Local police are examining their own procedures in light of a corruption scandal in Topeka's narcotics unit.
But so far, officers say they're confident Lawrence and Douglas County have proper safeguards to help prevent a similar fiasco from happening here.
"When something like that comes to light, you should, as an agency, review what your policies and procedures are," said Sgt. Dan Ward, a Lawrence Police spokesman. "I think we have a good system, and I feel very confident with what we have. We might be able to find a couple of extra checks and balances to insert here and there."
Two Topeka officers, Thomas Pfortmiller and Bruce Voight, have been charged with dozens of criminal offenses, including official misconduct and perjury. A report by Shawnee County Dist. Atty. Robert Hecht released last week found that narcotics officers in Topeka regularly tampered with drug evidence and falsified records, and that supervisors knew of the problems but didn't correct them.
Pfortmiller was recently sentenced to 16 months in prison for various crimes, including stealing money meant for undercover drug buys to support a gambling habit.
When news of the scandal broke, Lawrence Police Chief Ron Olin "immediately got a hold of us and said 'We need to look at what we're doing,'" Ward said.
Olin also made Hecht's 125-page report about the problems required reading for his department's supervisors, said Sgt. Tarik Khatib, who heads the joint city-county drug unit.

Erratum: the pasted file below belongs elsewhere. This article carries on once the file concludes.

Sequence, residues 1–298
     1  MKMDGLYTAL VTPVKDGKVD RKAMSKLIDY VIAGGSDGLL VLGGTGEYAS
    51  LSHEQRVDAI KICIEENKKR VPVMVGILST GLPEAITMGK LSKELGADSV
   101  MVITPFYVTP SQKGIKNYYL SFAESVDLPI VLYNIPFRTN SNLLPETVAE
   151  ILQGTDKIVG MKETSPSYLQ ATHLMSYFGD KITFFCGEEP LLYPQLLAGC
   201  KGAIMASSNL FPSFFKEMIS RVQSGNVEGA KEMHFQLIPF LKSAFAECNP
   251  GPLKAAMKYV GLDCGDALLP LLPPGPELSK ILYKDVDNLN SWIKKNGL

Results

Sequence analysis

Ward said one of the biggest differences between Topeka's department and the Lawrence-Douglas County drug unit was size. Topeka's drug unit had 11 people. Douglas County's has five or fewer at any given time.
"The problems you see typically come from larger departments with larger units that are harder to supervise," he said.
Among the local safeguards cited by Ward and Khatib:
¢ Officers who are assigned to the drug unit are rotated in and out after two and a half to three years, and rotations in and out of the unit are staggered so that people don't come in together or leave together.
"You get out of the, 'you cover me, I'll cover you,' 'wink, wink,'" Khatib said. He said he believed people acted dishonestly "when they become so confident in their ability to control their environment that they think they can get away with it."
¢ Khatib said he's aware of all undercover buys the unit makes, and he's present at 90 percent of them. He is supervised by Lawrence Police Capt. Dan Affalter.
¢ Khatib said he kept a cash box, out of which his officers can spend money, but he only gives them enough for use in specific, planned buys.
¢ If officers collect drugs in the field, they're expected to turn them in by the end of their shift and would be reprimanded if they didn't, Ward said. Usually, more than one officer responds to an incident where drugs are found, he said.
¢ After officers collect evidence, they put it in a bag, seal it with tamper-evident tape, and put it into a locker they can't reopen. Evidence technicians on the other side of the locker gather the evidence, check it using a computerized bar-code system, and leave it there until it is checked out again for a specific purpose.
Lawrence Police added stricter rules for working with drug informants in 2003, after a judge ruled that a patrol officer, Stuart "Mike" Peck, lied about his relationship with an informant to get a search warrant in a drug case.
Khatib said that if someone was intent on abusing the system, he or she likely would find a way.
"I'm not going to say anything is impossible," he said.
But Ward said that anytime there's a question about an officer's integrity, it's examined fully.
"We take these issues seriously," he said.